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This article examines the practice of fraudulent informal loans given to vulnerable groups in Mexico, and connects these malpractices to the structural (re)production of poverty. The scams resolve around fake credit companies offering loans to people in need on the condition that they pay a deposit, after which contact is broken. After locating scams within broader discussions on vulnerability, poverty and credit, an empirical study is presented based on 35 interviews with victims. Results are presented regarding the reasons why people fall in these traps, how they are cause and consequence of vulnerability, and the difficulties of prosecution. The conclusions reflect on the role of such traps within the production of poverty, the relative invisibility of these crimes, and the topic of legal protection and prosecution.

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This research explores the influence of discourse power on policy change in the Mexican electricity sector, using the Advocacy Coalition Framework (ACF). Drawing on Discourse Network Analysis, it examines the discursive dynamics and power relations between competing advocacy coalitions from 1994 to 2018. This 24-year period encompasses three significant reform proposals that aimed to liberalise Mexico’s electricity generation sector, representing major potential policy changes. Specifically, the study tests the second policy change hypothesis proposed by the ACF, which suggests that major policy change is unlikely as long as the advocacy coalition defending the status quo remains in power. To operationalise the notion of which coalition is in power, the study employs Discourse Network Analysis to examine the discursive power of each coalition. This allows an exploration of how the interplay between coalition discursive power and the extent of belief differences shape policy outcomes. The findings align with the ACF’s second hypothesis on policy change. They also suggest the potential for enhancing the ACF by incorporating a nuanced understanding of the multiple dimensions of power, with a particular emphasis on the discursive influence of advocacy coalitions.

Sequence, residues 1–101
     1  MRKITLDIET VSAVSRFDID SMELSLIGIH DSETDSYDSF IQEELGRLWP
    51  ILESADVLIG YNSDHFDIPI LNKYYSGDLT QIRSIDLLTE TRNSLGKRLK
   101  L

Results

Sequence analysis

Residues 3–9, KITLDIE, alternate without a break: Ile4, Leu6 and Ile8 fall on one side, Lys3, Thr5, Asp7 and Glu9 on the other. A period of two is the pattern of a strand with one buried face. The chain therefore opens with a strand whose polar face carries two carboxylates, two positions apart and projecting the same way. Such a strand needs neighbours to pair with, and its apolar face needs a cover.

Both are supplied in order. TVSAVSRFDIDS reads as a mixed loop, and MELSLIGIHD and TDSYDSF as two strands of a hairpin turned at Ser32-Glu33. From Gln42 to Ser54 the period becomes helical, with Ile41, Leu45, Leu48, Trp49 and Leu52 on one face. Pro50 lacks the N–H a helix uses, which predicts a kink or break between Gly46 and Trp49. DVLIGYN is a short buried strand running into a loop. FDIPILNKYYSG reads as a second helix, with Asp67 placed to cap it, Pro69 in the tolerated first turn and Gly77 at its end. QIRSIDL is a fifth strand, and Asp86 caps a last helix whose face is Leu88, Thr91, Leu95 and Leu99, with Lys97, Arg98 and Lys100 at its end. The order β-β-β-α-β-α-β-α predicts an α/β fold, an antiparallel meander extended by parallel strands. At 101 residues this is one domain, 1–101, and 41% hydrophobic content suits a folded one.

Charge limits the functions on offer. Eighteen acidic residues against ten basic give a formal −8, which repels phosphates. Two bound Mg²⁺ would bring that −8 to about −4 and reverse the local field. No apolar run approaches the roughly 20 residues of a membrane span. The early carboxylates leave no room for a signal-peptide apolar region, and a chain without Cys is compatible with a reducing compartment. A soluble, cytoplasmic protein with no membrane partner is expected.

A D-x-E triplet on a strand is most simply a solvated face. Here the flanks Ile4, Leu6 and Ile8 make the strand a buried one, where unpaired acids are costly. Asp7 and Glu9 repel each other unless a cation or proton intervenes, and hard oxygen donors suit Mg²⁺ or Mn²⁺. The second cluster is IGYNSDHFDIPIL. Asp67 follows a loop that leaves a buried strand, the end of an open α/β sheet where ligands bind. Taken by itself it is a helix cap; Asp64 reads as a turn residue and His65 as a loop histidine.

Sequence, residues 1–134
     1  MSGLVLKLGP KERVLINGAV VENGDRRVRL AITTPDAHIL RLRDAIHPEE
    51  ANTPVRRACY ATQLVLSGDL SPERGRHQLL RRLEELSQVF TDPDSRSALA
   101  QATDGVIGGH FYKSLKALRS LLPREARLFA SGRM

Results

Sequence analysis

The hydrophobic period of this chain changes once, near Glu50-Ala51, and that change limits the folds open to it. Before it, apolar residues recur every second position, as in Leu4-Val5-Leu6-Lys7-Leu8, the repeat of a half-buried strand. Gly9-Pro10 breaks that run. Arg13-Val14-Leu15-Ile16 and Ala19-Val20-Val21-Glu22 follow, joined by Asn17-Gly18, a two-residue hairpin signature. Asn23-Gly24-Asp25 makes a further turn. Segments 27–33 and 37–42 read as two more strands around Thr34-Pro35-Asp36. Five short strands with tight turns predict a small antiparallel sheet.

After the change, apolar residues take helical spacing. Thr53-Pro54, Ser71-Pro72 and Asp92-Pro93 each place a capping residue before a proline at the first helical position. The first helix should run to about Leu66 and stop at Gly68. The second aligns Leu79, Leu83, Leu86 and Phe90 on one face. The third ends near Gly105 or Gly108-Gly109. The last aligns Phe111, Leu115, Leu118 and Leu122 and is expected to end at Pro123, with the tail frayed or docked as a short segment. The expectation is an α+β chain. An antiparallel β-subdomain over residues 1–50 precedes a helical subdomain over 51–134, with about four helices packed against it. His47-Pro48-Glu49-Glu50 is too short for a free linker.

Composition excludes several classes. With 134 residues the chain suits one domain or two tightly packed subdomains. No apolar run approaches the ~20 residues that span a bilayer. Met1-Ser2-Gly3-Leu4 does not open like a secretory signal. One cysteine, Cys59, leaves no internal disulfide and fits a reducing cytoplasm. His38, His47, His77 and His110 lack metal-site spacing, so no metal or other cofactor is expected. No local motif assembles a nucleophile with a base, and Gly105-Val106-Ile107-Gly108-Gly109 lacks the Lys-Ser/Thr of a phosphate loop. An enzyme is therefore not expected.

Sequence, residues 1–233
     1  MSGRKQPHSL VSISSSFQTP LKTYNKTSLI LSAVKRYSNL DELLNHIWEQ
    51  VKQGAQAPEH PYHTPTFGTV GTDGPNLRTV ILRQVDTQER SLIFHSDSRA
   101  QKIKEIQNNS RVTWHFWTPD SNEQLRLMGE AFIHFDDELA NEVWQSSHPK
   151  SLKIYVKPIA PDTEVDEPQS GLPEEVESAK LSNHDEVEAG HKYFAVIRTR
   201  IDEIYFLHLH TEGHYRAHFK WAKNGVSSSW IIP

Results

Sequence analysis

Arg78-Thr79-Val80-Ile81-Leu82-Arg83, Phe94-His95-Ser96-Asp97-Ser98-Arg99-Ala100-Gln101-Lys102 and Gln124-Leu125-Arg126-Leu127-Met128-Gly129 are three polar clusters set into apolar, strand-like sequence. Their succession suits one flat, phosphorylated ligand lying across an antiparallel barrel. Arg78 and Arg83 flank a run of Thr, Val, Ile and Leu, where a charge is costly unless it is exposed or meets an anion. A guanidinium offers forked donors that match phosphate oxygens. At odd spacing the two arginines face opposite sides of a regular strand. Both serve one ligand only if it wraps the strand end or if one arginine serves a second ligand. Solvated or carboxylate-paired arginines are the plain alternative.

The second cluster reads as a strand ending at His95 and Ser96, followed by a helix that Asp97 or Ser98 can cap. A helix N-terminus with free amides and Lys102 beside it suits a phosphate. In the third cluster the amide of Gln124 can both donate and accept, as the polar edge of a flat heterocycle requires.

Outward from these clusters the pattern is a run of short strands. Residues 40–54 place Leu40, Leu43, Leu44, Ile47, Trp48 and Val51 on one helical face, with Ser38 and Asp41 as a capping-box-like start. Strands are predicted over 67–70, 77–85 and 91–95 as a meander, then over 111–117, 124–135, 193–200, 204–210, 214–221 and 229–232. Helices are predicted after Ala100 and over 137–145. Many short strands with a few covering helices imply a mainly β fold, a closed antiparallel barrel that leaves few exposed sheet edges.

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Small minority group organisations rarely collaborate with other nonprofits owing to a lack of expertise and resources. Third-party facilitators can help these groups navigate the process of collaboration. However, the literature has largely ignored their role in the process. We address this gap by studying the challenges third-party facilitators face in the collaboration process and best practices they can apply using the Community Collaboration Initiative (CCI), a unique third-party-facilitated collaboration process working with Muslim American nonprofits.